Compiler: National Biological Information Infrastructure (NBII) & IUCN/SSC Invasive Species Specialist Group (ISSG)

Review: A. Christina W. Longbrake, Washington & Jefferson College, Department of Biology.

Publication date: 2005-01-24

Recommended citation: Global Invasive Species Database (2016) Species profile: Paulownia tomentosa. Downloaded from http://www.iucngisd.org/gisd/species.php?sc=440 on 25-07-2016.

General Impacts
Remaley (1998) reports that P. tomentosa \"is an aggressive ornamental tree that grows rapidly in disturbed natural areas . . .\" The Southeast Exotic Pest Plant Council (Undated) reports that P. tomentosa \"can also colonize rocky cliffs and scoured riparian zones where it may compete with rare plants in these marginal habitats.\"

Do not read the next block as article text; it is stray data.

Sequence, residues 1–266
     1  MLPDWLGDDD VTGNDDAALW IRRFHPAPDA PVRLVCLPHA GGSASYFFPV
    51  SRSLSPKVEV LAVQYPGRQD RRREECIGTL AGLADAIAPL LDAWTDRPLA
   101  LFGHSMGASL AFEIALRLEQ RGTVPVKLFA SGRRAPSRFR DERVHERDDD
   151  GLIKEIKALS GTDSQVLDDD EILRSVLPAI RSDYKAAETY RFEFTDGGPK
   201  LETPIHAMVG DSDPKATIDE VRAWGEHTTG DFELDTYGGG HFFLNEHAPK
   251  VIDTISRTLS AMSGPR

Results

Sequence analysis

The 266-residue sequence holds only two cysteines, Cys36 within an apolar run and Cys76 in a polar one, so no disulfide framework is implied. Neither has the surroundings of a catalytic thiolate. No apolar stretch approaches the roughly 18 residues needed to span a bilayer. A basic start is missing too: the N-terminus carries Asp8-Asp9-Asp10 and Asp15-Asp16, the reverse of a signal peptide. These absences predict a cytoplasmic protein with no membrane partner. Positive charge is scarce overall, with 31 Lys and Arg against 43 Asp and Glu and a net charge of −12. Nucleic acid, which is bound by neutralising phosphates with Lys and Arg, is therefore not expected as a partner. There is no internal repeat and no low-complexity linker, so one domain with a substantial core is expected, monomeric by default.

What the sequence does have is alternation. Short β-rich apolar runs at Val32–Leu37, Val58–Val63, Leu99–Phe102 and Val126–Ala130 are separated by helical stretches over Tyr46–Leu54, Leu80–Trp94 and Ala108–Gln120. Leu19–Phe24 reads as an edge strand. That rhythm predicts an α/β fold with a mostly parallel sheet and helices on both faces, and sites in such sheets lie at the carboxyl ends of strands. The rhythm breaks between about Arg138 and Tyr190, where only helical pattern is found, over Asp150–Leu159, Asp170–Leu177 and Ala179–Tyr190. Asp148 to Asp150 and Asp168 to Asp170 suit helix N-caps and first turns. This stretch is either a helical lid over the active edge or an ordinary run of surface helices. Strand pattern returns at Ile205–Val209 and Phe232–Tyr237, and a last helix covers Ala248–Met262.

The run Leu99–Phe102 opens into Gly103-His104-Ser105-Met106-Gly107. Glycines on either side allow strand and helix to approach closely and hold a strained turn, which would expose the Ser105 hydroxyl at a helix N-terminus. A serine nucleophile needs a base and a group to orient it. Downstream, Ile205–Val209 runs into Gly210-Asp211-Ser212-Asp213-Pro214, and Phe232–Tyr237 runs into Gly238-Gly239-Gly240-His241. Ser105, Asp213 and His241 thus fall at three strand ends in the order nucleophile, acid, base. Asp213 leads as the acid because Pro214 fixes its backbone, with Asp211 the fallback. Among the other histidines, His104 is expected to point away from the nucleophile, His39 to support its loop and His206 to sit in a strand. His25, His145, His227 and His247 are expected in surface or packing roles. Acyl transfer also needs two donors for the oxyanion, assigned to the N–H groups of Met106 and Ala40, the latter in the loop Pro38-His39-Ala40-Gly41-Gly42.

Management Info
Preventative measures: A Risk Assessment of \r\r\nPaulownia tomentosa for Hawai‘i and other Pacific islands was prepared by Dr. Curtis Daehler (UH Botany) with funding from the Kaulunani Urban Forestry Program and US Forest Service. The alien plant screening system is derived from Pheloung et al. (1999) with minor modifications for use in Pacific islands (Daehler et al. 2004). The result is a score of 9 and a recommendation of: \"Likely to cause significant ecological or economic harm in Hawai‘i and on other Pacific Islands as determined by a high WRA score, which is based on published sources describing species biology and behaviour in Hawai‘i and/or other parts of the world.\"